Towns granted by the Masonian Proprietors were required to build a meetinghouse for religious and public purposes. Therefore, called a “duty” meetinghouse, Monadnock #6 built a 25 x 30’ frame building that was 8 ½ feet high at the eaves. This was authorized at a proprietors meeting held at Breed Batchellor’s house in February of 1772. Anne Breed, daughter of Nathaniel and Ann Breed was the first person baptized in Monadnock Number Six meetinghouse in July 1773. The Reverend Joseph Farrar of Dublin presided and preached the first sermon in Packersfield.
In 1782 the building was too small and a 45 x 60’ replacement was voted. It was erected beside the earlier one and was finished enough so the original could be sold and moved off site to be used for other purposes. It was over 28’ high at the eaves. It must have been an imposing structure high on the hill and surrounded by as many as sixty horse houses.
This meetinghouse served the community for both civic and religious purposes until 1841 when the Orthodox Congregational Church and Society in Nelson bought 1 ¼ acres of land across the road from the Melville and Nims store in the new village center and built the current church. The building was disassembled in 1846. Much of the frame became the current Town Hall and the porches were moved to the village and used to construct the home of Charles H. Whitney (D-4-20).
Editors note: This is the third and final article in a series relating the founding of the first ministry in Packersfield. The first detailed the many efforts to acquire a minister for a small, remote community. Several ministers came for trial periods and several offers of employment were made [...]
The charter granting Monadnock Number Six to its proprietors required that a central place be set off and reserved for public purposes and that a meetinghouse be built. Batchellor laid out ten acres of common land in the center of the town at the location of the village cemetery today.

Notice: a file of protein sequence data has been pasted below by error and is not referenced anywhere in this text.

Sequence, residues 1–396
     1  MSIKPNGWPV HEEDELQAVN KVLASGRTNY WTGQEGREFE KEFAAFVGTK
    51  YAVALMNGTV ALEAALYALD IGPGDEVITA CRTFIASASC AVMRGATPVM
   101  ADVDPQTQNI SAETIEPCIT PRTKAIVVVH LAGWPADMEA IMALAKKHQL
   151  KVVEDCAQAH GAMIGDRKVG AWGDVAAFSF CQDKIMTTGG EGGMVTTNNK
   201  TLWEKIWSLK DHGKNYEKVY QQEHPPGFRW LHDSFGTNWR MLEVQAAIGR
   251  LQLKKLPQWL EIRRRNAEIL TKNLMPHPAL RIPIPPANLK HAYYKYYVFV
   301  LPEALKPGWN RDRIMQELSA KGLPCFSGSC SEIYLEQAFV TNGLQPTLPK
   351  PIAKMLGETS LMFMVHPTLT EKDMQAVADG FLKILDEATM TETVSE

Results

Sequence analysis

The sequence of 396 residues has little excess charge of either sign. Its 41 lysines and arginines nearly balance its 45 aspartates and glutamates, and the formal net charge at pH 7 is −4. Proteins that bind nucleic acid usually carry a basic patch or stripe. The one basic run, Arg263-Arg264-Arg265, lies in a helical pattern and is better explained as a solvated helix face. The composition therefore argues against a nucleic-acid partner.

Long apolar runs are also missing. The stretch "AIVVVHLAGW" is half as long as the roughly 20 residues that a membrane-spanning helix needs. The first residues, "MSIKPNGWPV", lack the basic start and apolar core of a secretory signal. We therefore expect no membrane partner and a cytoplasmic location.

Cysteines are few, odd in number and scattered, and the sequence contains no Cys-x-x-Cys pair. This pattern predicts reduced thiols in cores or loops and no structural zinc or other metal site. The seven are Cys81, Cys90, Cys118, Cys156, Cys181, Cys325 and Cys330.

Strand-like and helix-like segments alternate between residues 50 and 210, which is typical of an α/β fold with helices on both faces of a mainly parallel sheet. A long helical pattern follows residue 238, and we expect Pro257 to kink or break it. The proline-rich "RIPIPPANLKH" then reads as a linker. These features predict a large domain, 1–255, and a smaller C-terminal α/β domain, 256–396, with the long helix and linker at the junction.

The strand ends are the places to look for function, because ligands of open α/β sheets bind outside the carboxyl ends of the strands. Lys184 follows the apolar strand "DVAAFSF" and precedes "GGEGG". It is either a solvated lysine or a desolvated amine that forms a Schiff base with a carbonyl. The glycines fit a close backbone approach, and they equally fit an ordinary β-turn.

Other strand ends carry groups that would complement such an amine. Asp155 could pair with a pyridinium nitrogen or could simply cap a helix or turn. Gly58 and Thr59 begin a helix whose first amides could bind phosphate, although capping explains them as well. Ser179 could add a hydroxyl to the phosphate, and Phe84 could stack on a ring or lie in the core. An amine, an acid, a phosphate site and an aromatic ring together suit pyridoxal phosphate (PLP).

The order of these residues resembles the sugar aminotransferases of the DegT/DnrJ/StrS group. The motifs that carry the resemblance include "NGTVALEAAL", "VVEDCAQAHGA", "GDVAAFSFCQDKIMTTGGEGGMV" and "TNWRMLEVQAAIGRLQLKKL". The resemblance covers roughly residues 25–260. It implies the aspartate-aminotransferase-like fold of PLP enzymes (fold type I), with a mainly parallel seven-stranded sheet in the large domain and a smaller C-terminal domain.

The Reverend Jacob Foster served the town of Packersfield for ten years from 1781 to 1791. During that time twenty-seven families joined the church. We do not have census data that exactly match the years Foster served, but the population of Packersfield in 1783 was recorded as 511 [...]
The original charter of Monadnock Number Six stipulated founding a successful town in accordance with the king’s requirements. The charter contained requirements to establish and support of religion and education. Three of the grantors’ shares in the town, a total of six one hundred acre lots, were reserved “free [...]
A possible resemblance to a service in the Nelson Meetinghouse. The Second Meetinghouse was built in 1786 when the town, then called Packersfield, replaced its original Meetinghouse with a magnificent one modeled on one in Wilton. The town of Hancock, in turn, modeled their new meetinghouse on Packersfield’s. It [...]
In the early development of manufacturing, areas that afforded the potential for water power were prime locations for community growth. In 1814, the Cotton Factory was built in a remote section of Nelson to take advantage of the water power from the outflow of the dammed Factory Lake, now [...]
At the first town meeting held in 1772, it was voted to build a meetinghouse on a lot designated for that purpose in the center of the town. It was a simple log building, twenty-five by thirty feet, described by Rev. Edwin N. Hardy as “roughly constructed, unpainted, unheated and unadorned.”